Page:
Saturday, July 26, 2008

Scouting Report: Nationals at Dodgers (7/26)

Nationals at Dodgers: Saturday, July 26 at 10:40 ET
It's another NattyDelite! Special, as the Nationals Fan Club of Hawai'i gets together at 8:40 local to watch game 2 of the Nationals vs. the Dodgers. It'll be another gorgeous night for baseball in Chavez Ravine, 69 and clear. The Nationals enter the leading by a half game in the Stephen Strasburg Sweepstakes (meaning they once again have the worst record in baseball, setting them up for the #1 pick in the draft).

Pitching match-up
Derek Lowe: The Dodgers took a lot of heat when they "overpaid" Lowe four years and $36 million after he posted a 5.42 ERA for Boston in 2004. Well, it turns out that Paul DePodesta knew something everyone else didn't--that Lowe's control problems, which left him with a career-worst 3.50 BB/9, and his bad luck, which yielded a .338 BABIP, were both aberrations and that the always-durable Lowe would give him far more value than the contract would pay.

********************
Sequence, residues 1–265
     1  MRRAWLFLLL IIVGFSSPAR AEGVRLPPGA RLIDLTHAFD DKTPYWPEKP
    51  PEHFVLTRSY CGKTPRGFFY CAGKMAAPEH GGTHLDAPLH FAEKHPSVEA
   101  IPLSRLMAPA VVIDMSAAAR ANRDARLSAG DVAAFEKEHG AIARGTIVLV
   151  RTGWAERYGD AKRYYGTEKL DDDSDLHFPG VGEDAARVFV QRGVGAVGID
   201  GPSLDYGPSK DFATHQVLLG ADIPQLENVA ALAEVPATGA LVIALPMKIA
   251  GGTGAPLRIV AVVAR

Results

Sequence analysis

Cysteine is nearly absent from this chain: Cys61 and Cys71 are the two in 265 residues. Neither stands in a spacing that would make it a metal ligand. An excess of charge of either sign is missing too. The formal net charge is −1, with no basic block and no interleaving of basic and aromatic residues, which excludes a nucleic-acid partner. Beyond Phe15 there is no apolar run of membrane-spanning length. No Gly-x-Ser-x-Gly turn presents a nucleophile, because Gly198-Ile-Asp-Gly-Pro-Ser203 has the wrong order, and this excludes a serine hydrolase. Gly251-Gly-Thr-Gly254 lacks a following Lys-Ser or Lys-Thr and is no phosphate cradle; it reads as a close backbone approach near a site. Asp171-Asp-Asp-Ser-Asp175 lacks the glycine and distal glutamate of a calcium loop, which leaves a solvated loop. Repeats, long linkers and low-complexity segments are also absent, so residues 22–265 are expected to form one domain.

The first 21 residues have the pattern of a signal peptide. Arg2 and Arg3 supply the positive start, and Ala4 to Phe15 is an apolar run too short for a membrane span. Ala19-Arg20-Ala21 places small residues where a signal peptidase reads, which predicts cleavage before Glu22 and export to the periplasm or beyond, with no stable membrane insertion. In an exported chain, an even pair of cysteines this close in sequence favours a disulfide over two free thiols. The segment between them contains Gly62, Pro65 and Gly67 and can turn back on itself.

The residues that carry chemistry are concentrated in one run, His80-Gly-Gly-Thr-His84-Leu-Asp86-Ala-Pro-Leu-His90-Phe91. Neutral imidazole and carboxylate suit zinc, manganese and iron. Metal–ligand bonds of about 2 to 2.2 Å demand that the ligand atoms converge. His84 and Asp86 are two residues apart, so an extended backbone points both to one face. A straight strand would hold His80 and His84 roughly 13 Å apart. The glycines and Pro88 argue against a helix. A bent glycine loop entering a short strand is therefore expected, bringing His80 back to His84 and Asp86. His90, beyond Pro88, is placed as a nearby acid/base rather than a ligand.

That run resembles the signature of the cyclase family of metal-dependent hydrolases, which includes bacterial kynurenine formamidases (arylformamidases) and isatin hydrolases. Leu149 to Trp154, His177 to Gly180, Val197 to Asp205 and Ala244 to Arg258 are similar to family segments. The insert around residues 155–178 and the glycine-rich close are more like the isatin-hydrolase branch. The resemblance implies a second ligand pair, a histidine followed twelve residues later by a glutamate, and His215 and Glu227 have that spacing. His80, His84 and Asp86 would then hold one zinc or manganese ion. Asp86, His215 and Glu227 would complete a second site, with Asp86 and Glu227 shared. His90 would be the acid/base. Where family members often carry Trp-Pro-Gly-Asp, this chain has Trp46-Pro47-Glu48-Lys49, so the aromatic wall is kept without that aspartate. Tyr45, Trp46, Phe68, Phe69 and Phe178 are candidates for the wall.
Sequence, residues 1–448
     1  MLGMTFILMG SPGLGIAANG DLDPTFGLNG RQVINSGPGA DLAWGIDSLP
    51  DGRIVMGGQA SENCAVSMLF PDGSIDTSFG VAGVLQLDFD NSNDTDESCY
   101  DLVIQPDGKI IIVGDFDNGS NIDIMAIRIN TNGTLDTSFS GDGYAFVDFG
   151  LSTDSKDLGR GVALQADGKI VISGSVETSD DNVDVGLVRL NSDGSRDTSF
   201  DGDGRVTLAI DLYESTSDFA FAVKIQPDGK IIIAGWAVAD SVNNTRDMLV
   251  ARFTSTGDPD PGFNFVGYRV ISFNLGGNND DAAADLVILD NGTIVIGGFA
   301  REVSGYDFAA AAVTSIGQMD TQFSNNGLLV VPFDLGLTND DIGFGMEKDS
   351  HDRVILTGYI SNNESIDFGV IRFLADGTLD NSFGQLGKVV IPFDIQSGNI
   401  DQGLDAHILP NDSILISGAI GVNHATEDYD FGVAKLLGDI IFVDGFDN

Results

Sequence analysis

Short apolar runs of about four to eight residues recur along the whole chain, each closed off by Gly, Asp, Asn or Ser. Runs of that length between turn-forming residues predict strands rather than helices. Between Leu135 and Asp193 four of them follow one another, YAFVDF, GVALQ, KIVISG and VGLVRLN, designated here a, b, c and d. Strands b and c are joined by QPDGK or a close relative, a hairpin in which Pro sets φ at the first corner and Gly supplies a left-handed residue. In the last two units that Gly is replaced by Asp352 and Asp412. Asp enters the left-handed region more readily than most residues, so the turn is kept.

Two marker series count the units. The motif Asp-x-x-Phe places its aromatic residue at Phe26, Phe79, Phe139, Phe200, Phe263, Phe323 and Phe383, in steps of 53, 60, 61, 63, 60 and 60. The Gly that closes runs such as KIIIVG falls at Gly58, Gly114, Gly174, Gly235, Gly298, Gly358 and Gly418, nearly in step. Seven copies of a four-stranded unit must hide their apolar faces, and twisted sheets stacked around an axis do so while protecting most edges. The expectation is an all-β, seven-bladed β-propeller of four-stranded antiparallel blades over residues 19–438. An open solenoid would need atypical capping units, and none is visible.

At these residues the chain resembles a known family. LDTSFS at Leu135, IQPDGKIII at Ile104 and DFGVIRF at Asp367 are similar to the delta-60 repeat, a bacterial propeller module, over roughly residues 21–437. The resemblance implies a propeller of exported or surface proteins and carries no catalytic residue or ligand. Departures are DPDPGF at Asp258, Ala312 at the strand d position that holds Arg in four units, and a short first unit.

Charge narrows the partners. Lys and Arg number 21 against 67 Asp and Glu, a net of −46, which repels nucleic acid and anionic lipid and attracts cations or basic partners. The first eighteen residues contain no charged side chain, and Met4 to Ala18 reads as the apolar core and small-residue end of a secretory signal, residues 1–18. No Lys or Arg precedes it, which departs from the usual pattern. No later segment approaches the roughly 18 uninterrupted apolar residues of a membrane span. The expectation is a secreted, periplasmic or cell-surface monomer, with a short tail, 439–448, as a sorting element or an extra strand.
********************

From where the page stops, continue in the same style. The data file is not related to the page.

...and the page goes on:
I know I sound like a broken record, but if the Nationals aren't more patient at the plate, they're in trouble tonight. I think it might be helpful at this point to lay out my oh-so-sophisticated philosophy for how to be successful as a hitter in MLB. Buckle up, kiddos--I've done a lot of detailed statistical analysis, all informed by 2 very solid years in little league 20 years ago. Here it is:
  1. Wait for a good pitch to hit
  2. Hit it hard
Whew!! I need a break. Being a blogger is hard!! OK, seriously, I kind of think it's not much more complicated than that. Breaking down the skill set a bit further, you need a good enough eye to take pitches out of the zone, especially early in the AB. Also on strike one and two, you need the eye to take pitchers' pitches, like good breaking balls in the zone or fastballs down and away--if you put these balls in play, you're more than likely going to make outs. Then if you do those things well, you are more often in hitters' counts when pitchers need to throw strikes. You are more likely to get easier pitches to hit, i.e. a fastball over the plate. If you fall behind and end up with two strikes, you have to have the bat control and pitch recognition to foul off good pitches. Then, if you can get the count full, again you have a much better chance of getting something over the plate. Then, once you get that "pitch to hit," you need the talent to beat the hell out of it.